It’s no secret that high schools in the United States place a lot of weight on the SAT and ACT. It only makes sense to assume they’re essentially intelligence tests that measure a student’s fitness for higher education—But they’re not.
A low score on these tests doesn’t mean someone isn’t smart, and a high score doesn’t mean they’re MENSA material. In fact, there’s no consensus on what “intelligence” actually is. Someone could be great at writing but weak in math, or a brilliant logician but a terrible people-person. It’s just too subjective, and that makes it hard to meaningfully measure with a test.
Standardized tests are important not because they measure intelligence, but because they serve as a metric by which colleges can compare their many applicants. Grade point averages can be influenced by a lot of different variables between schools, so they’re not a very reliable metric. By contrast, the SAT and ACT test student’s grasp of the basics they’ll need for college in the exact same way every time, everywhere.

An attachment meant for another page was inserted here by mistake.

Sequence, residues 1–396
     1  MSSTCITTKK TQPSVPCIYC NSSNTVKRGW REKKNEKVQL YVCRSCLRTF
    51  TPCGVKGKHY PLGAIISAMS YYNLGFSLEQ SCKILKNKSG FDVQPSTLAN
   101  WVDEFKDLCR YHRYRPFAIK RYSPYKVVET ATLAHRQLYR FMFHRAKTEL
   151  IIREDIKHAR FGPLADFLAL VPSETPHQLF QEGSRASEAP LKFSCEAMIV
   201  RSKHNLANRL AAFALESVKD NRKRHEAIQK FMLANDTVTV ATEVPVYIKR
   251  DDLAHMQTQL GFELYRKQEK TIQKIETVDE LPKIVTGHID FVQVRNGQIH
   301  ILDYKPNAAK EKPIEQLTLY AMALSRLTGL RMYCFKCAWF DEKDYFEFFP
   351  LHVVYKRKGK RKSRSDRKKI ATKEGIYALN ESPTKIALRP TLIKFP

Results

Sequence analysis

It’s far from a perfect system, and it definitely doesn’t show the full scope of a student’s achievement. College admissions officers know that, though, and that’s why students should round out their application with a high GPA, extracurriculars and a strong essay. Standardized tests don’t measure intelligence—they’re just one of many ways for students to show what they’ve learned.